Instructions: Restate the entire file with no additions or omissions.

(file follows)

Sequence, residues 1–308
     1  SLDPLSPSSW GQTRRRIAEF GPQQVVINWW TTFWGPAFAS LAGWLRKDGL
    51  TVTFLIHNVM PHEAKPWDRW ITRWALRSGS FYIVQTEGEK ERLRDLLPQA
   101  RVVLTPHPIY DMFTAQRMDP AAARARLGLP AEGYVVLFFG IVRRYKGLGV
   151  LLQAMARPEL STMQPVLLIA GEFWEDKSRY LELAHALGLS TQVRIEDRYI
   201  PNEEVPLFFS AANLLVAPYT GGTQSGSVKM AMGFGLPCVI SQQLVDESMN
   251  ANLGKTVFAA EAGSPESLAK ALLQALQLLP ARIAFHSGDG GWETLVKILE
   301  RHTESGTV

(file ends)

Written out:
Sequence, residues 1–308
     1  SLDPLSPSSW GQTRRRIAEF GPQQVVINWW TTFWGPAFAS LAGWLRKDGL
    51  TVTFLIHNVM PHEAKPWDRW ITRWALRSGS FYIVQTEGEK ERLRDLLPQA
   101  RVVLTPHPIY DMFTAQRMDP AAARARLGLP AEGYVVLFFG IVRRYKGLGV
   151  LLQAMARPEL STMQPVLLIA GEFWEDKSRY LELAHALGLS TQVRIEDRYI
   201  PNEEVPLFFS AANLLVAPYT GGTQSGSVKM AMGFGLPCVI SQQLVDESMN
   251  ANLGKTVFAA EAGSPESLAK ALLQALQLLP ARIAFHSGDG GWETLVKILE
   301  RHTESGTV